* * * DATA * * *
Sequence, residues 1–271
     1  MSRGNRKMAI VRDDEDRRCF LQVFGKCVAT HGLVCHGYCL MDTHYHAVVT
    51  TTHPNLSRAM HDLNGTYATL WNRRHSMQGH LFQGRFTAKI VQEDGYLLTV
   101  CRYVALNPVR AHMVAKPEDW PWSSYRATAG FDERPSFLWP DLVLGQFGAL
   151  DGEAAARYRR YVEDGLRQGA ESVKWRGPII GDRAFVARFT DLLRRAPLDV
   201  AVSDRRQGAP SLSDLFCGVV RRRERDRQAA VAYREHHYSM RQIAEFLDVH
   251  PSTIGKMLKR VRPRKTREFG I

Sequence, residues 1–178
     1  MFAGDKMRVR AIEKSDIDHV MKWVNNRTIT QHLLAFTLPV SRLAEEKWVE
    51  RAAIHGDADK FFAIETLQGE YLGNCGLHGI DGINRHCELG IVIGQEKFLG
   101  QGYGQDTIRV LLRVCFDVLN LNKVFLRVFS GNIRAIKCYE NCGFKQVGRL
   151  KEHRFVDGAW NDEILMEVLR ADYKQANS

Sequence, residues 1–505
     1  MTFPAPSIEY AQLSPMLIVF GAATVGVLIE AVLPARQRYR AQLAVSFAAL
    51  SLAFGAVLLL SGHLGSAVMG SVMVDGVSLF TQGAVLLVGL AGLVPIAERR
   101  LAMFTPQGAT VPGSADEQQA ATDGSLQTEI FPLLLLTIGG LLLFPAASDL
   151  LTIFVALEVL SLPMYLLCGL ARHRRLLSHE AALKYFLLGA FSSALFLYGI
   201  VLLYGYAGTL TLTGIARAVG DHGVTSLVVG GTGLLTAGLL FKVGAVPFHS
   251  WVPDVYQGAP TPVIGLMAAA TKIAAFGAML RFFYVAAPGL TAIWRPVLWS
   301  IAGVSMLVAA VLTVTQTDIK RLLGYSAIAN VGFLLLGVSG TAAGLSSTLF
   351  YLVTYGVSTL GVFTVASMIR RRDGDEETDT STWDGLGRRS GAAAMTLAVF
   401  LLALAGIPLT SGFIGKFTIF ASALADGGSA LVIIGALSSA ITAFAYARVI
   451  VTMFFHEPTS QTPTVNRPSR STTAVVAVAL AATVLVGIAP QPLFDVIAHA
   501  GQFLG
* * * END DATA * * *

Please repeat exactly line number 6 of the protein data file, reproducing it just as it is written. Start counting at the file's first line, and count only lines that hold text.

   201  AVSDRRQGAP SLSDLFCGVV RRRERDRQAA VAYREHHYSM RQIAEFLDVH